A Ricardo-built electric vehicle technology demonstrator platform highlighting some of the very latest research and innovation in the field of powertrain electrification, was revealed for the first time today at the prestigious Cenex Low Carbon Vehicle Event 2011 at Rockingham, UK.
The vehicle – a technology demonstrator platform based on a popular 4X4 SUV model – is just the latest output of the Low Carbon Vehicle Technology Project (LCVTP), a major multi-partner research programme launched in early 2010 as part of a UK government initiative to declare the West Midlands region a Low Carbon Economic area for advanced automotive engineering. This landmark project comprises a combined financial investment worth £19 million by Advantage West Midlands and the European Regional Development Fund, with further contributions from the project’s industrial partners Ricardo, Jaguar Land Rover, Tata Motors European Technical Centre, MIRA, and Zytek Automotive, who are joined in the research by Warwick Manufacturing Group and Coventry University.
A major objective of the LCVTP has been to extend the range of vehicle electrification beyond the small city car sector which has been the focus of much research and product development to date. The reason for this is that while smaller vehicles offer a very practical initial opportunity for electrification, a large proportion of the urban car fleet is represented by larger vehicles that are used by their owners for occasional long distance travel in addition to shorter range daily commuting. Almost all aspects of vehicle efficiency are therefore being considered by the project in addition to the needs of energy storage and auxiliary power systems. Addressing electrified vehicle architecture in this holistic manner is increasingly considered to be a crucial to the development of practical future electric plug-in vehicle products. This is not just in terms of addressing the well-documented issue of range anxiety, but also in providing for the air-conditioning, heating and infotainment system loads that can represent a significant proportion of the vehicle’s overall energy requirement, particularly in more extreme climates.
Within the project’s 15 individual work streams the partners are focused on developing a wide variety of next-generation electric vehicle drivetrain technologies, and the vehicle based technology demonstrator platform enables the project to test, demonstrate and evaluate these in a highly integrated manner. The version of the technology demonstrator platform unveiled today is a pure electric vehicle implementation in which the conventional powertrain has been replaced with a 108kW continuous rating traction motor and an A123 22kWh battery pack. The vehicle’s power electronics include a Ricardo DC-DC converter and rapid prototype vehicle supervisory and stability controllers, as well as intelligent heating and air conditioning systems.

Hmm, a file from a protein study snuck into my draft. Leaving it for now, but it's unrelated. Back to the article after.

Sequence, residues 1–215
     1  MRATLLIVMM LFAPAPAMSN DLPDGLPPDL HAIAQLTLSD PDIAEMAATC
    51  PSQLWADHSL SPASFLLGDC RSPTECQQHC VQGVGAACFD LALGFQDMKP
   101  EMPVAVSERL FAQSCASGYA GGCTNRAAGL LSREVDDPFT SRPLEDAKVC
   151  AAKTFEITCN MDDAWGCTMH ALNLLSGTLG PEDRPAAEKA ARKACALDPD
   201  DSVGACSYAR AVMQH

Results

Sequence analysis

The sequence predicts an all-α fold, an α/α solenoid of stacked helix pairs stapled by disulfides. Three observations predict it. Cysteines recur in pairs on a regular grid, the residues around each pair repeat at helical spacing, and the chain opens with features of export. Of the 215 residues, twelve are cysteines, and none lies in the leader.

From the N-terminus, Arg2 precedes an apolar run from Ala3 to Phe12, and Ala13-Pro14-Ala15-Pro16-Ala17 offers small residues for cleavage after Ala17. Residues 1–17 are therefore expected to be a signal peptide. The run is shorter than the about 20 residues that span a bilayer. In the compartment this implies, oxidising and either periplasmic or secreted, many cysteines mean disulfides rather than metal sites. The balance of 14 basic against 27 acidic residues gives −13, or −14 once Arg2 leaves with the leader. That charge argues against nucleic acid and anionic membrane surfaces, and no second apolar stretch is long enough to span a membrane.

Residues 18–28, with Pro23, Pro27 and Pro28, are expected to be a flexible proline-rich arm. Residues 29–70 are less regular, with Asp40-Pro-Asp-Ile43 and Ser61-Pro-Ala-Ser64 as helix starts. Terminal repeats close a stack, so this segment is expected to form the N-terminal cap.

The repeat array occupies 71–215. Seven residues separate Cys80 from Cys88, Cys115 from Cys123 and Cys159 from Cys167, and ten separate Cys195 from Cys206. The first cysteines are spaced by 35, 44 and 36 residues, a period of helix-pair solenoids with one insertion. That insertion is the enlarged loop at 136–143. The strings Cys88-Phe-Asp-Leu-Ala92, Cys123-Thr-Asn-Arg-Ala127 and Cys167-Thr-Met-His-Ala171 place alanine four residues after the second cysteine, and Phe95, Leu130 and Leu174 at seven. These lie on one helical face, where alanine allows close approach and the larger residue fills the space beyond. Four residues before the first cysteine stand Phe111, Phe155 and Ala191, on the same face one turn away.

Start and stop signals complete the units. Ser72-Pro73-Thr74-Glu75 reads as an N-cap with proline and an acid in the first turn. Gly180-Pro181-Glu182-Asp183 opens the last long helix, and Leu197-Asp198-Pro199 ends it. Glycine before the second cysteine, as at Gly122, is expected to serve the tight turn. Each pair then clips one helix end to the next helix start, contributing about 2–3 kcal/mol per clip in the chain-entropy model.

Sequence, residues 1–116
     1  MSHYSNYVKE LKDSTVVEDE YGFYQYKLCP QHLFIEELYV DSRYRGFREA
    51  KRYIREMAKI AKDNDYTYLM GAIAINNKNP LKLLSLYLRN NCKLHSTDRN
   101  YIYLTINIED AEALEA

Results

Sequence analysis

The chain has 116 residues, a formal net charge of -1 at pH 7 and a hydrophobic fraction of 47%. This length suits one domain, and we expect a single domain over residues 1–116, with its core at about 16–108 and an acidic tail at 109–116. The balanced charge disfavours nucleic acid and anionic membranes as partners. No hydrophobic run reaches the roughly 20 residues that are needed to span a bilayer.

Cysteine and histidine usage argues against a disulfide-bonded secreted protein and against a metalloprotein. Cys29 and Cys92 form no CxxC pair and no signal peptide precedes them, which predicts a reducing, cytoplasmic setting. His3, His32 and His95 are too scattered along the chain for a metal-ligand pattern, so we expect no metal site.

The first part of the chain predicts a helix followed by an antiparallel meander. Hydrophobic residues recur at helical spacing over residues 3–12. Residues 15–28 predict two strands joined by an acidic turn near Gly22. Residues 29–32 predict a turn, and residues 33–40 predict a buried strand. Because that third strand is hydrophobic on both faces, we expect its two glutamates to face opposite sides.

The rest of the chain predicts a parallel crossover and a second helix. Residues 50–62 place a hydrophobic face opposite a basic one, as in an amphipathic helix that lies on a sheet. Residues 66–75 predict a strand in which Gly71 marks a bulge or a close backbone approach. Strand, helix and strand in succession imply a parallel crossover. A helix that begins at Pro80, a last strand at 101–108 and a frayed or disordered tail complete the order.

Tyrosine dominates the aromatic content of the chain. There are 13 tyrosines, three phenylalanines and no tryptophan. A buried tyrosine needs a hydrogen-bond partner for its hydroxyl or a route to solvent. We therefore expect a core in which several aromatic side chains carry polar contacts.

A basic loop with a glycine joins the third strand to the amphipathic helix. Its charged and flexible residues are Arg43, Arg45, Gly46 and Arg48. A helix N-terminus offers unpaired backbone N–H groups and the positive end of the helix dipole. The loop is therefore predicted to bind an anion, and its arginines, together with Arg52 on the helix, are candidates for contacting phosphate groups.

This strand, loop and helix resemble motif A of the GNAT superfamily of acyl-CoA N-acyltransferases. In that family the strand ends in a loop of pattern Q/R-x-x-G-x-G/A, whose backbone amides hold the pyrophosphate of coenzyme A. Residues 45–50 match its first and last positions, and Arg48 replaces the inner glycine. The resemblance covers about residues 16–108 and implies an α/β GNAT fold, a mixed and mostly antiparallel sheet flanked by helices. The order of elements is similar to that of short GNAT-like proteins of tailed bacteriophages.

On-going research work within the LCVTP will see the vehicle developed as a range extended electric vehicle incorporating a Ricardo-developed auxiliary power unit (APU). Early work on this aspect of the project has also been shown by Ricardo at the LCV2011 event. The concept being developed is based on a bespoke Ricardo-designed generator applied to an existing volume-production 2-cylinder gasoline engine. This APU uses a liquid cooled, permanent magnet machine rated at 55kW peak (at 4,000 rev/min). This highly scalable concept will incorporate an operating strategy specifically optimized for APU operation and is providing valuable validation for the e-drive toolset also being developed by the project.
Commenting on the company’s involvement with the LCVTP, Professor Neville Jackson, chief technology and innovation officer of Ricardo plc and chair of the UK Low Carbon Vehicle Partnership, said: “Ricardo is extremely pleased to be an active participant in the LCVTP both as a member of this important research initiative and a lead partner in a number of project’s work streams. The technology demonstration platform revealed for the first time today demonstrates some of the early results of the project. We have many further innovative technologies in development that address some of the challenges of vehicle electrification with a focus on minimizing energy use and storage challenges whilst enhancing vehicle utility. In the near future, in collaboration with our research partners, we expect to show even more technically sophisticated developments of the technology demonstrator platform’s architecture.”
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